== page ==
The literal definition of anemia is very simple and involves a low hemoglobin value shown on a CBC. On the same CBC test, there is also another value known as the mean corpuscular volume(MCV) that is very useful for the workup of anemias. Based on these two, more labs will be ordered separately which is discussed below.
Pathophysiology and etiologies
When hemoglobin decreases, this is recognized by the kidneys which release erythropoietin (EPO) in order to signal the bone marrow to ramp up red blood cell production.
Picture 1. Red bone marrow plays a role in hematopoiesis. In children (left) most of the skeleton has red bone marrow while in adults (right) it is mostly the axial skeleton
Just like most hematological deficiencies, there are 2 ways to get anemia:
- Excessive destruction
- Hemolysis or hemorrhage
- Hemoglobin levels fall, EPO increases
- Bone marrow will go into overproduction = start to release immature red blood cells
- Reticulocytosis = proportion of reticulocytes (reticulocyte index) greater than 2%
- Insufficient production
- Reticulocytes = <2%
|Types||Microcytic = MCV<80||Normocytic = MCV between 80-100||Macrocytic = MCV>100|
|Labs||Reticulocyte index < 2%||Production||Destruction||Reticulocyte index > 2%|
|Reticulocyte index < 2%||Reticulocyte index > 2%|
|Etiology||Iron deficiency = slow bleeds||Anemia of chronic inflammatory disease (due to IL6 and hepcidin)||Thalassemia||Sideroblastic||
Chronic kidney disease
Nutritional deficiency = B12 and Folate
Elevated total bilirubin and indirect bilirubin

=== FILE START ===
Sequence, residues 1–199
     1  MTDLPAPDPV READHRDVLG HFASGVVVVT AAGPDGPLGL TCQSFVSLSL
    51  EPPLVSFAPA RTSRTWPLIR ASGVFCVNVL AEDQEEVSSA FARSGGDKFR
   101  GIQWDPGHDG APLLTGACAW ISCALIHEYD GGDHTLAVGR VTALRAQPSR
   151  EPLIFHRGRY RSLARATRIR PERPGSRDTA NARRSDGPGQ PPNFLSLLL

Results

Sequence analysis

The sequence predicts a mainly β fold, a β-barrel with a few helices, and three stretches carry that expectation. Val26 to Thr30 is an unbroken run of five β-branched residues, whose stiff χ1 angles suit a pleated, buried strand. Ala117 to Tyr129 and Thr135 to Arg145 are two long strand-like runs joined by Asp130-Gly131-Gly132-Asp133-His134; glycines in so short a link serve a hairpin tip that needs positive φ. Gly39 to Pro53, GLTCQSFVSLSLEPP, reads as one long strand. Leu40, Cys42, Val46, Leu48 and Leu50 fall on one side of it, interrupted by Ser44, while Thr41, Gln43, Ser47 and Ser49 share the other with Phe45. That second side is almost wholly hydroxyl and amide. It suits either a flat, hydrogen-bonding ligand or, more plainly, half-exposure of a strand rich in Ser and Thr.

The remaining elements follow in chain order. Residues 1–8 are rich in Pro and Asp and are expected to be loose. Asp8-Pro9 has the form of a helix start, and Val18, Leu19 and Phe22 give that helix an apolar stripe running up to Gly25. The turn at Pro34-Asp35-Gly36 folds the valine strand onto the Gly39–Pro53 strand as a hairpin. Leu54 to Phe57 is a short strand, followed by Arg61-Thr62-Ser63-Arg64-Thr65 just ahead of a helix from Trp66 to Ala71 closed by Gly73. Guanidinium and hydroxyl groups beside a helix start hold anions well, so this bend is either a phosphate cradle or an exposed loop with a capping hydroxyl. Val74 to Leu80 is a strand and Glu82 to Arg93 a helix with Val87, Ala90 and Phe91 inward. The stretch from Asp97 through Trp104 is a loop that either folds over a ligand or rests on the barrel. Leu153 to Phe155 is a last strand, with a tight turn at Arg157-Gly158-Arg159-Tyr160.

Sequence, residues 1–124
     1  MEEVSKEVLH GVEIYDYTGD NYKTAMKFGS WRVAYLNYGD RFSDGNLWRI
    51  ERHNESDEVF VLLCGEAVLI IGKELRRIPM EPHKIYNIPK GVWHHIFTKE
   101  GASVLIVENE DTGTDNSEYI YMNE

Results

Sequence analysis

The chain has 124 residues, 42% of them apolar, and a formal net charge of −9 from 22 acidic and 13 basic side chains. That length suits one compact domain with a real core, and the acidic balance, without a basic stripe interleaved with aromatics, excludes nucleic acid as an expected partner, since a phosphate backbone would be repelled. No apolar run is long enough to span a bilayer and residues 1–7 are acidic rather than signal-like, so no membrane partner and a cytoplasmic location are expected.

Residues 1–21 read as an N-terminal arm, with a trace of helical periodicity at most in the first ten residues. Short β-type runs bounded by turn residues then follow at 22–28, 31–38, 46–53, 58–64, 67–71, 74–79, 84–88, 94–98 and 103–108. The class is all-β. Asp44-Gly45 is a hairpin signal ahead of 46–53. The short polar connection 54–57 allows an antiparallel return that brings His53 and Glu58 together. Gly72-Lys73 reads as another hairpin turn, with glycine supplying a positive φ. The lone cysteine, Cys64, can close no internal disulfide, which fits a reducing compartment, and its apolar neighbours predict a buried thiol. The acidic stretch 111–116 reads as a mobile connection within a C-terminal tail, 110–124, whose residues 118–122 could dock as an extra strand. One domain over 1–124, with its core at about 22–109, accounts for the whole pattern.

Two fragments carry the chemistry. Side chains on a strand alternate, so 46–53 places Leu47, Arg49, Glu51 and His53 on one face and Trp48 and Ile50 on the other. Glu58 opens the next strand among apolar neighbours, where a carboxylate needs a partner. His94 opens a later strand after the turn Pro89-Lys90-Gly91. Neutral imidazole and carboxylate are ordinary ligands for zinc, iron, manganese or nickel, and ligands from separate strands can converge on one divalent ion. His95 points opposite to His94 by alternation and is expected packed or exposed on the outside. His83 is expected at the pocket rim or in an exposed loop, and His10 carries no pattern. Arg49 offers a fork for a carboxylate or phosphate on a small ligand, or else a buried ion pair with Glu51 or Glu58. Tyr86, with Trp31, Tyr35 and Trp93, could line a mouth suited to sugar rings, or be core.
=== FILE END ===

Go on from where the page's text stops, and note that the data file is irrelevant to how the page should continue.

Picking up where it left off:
Bilirubin levels normal
|Hypersegmented neutrophils = megaloblastic anemia = DNA problems||Elevated LFTs|
Total iron-binding capacity (TIBC)
|Bone marrow biopsy||Blood smear|
|Treatment||Iron supplementation or other||Find the cause||
Find the source of the bleed
Stop the bleed
|Supplementation or other|
When and if to transfuse
Normal hemoglobin levels are generally levels above 140 g/L. There are a number of factors that go into whether or not a patient needs to be transfused, however, make sure all the necessary lab work has been ordered before the transfusion, to get accurate results. Let's look at a few of them below:
- >100 g/L
- The patient should not be experiencing any symptoms related to anemia
- Between 70 g/L and 100 g/L
- Treat if symptomatic
- No benefit to transfusing past 70 g/L in healthy patients
- Patients who have generally poor health might require a transfusion >70 to be asymptomatic
- <70 g/L
Besides just looking at raw numbers, another factor that matters is the rate of hemoglobin drop. For instance, sickle cell disease patients often have hemoglobin around 60-70 g/L while remaining asymptomatic and will not require a transfusion. Someone with an acute bleed dropping from 140 to 90 g/L will be very short of breath and light-headed and will require a transfusion.
In general, 1 unit of packed red blood cells (PRBCs) should increase the hemoglobin by 10 g/L.
All information provided on this website is for educational purposes and does not constitute any medical advice. Please speak to you doctor before changing your diet, activity or medications.